SHS Celebrates Memorial Day with Annual Ceremony

Toshiana Keating, Features Editor

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On Wednesday, May 22, Stamford High School honored those who have died in service by holding its annual memorial day assembly. The event was organized by teacher Doug Maclehose for the past 11 years. For most, the federal holiday serves as the start of summer—but Maclehose was sure to emphasize that it is in fact a day to remember the soldiers who made the ultimate sacrifice for this country.


The event began with the Madrigals’ harmonic singing of the national anthem. Each speaker was then introduced by SHS juniors Katheryn Lopez, Karen Gaytan, Jennifer Lopez, and Widline Thomas. The speakers each shared their experience and explained how much their service has impacted their lives.  Veteran and current Greenwich police officer Shirley Rilett said, “The military wasn’t something I wanted to do at first,” but the tragedy of September 11th encouraged her to enlist and protect her country.


Throughout the ceremony, each speaker highlighted the significance that service holds and encouraged students to take the holiday as an opportunity to reflect. SHS security guard Mike Gonzalez closed, stating, “How do you say thank you to the fallen? You thank their family and honor them by being your best.”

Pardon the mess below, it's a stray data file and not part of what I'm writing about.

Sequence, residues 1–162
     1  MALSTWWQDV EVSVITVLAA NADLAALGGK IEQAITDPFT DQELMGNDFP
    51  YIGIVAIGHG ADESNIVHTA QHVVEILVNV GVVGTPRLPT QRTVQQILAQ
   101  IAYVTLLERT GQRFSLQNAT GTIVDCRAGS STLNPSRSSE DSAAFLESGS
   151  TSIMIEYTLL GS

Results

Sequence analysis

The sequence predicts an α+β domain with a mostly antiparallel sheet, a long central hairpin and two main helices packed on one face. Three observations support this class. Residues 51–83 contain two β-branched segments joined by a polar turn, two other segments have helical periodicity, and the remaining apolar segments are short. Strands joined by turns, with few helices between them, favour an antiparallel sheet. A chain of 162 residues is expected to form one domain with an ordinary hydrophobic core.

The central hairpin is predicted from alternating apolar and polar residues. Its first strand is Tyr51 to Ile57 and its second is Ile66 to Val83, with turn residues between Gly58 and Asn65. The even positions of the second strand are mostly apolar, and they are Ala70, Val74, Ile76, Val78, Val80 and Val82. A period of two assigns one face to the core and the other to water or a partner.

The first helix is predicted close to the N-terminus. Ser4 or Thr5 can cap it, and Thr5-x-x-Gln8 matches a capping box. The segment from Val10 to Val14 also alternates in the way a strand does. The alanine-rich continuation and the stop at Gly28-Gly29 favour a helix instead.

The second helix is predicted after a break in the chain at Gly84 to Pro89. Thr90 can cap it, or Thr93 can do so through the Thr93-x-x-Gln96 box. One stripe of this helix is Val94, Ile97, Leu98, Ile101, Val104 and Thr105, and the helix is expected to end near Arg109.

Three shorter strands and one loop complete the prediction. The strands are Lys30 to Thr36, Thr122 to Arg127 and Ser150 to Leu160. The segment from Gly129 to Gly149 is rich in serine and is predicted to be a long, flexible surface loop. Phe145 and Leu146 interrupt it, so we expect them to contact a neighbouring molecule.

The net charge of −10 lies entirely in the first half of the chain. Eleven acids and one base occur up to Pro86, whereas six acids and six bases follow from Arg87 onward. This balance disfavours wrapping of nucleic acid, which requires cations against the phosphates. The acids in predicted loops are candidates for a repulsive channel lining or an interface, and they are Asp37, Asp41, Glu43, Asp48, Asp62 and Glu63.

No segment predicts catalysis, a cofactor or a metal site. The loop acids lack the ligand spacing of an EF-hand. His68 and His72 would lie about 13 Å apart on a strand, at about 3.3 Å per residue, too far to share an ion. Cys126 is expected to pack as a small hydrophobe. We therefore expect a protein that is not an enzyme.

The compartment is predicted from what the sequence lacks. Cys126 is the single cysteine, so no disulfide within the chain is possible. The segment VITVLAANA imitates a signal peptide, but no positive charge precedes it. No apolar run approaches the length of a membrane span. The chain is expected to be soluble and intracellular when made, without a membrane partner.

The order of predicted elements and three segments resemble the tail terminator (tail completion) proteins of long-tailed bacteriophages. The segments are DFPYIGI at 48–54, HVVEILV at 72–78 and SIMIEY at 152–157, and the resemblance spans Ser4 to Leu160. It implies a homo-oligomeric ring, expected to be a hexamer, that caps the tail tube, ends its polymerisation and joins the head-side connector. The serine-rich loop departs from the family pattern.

Maclehose has been hosting the veterans on both Memorial Day and Veterans Day every year since 2007.  “We built off the great work that Tony Pavia started in the 1990’s with bringing local Stamford veterans, especially graduates of Stamford High, in to speak to the students about their military experience, Maclehose said.


Maclehose said that about ten veterans were honored at the ceremony this year, most of whom had a direct connection to Stamford High.  “We hope to continue the tradition in the years to come and ask students who are interested in helping to coordinate future commemorations to contact the History Department to discuss it in more detail,” Maclehose said.


Editors’ note: This story was updated to include additional quotations from history teacher Doug Maclehose.

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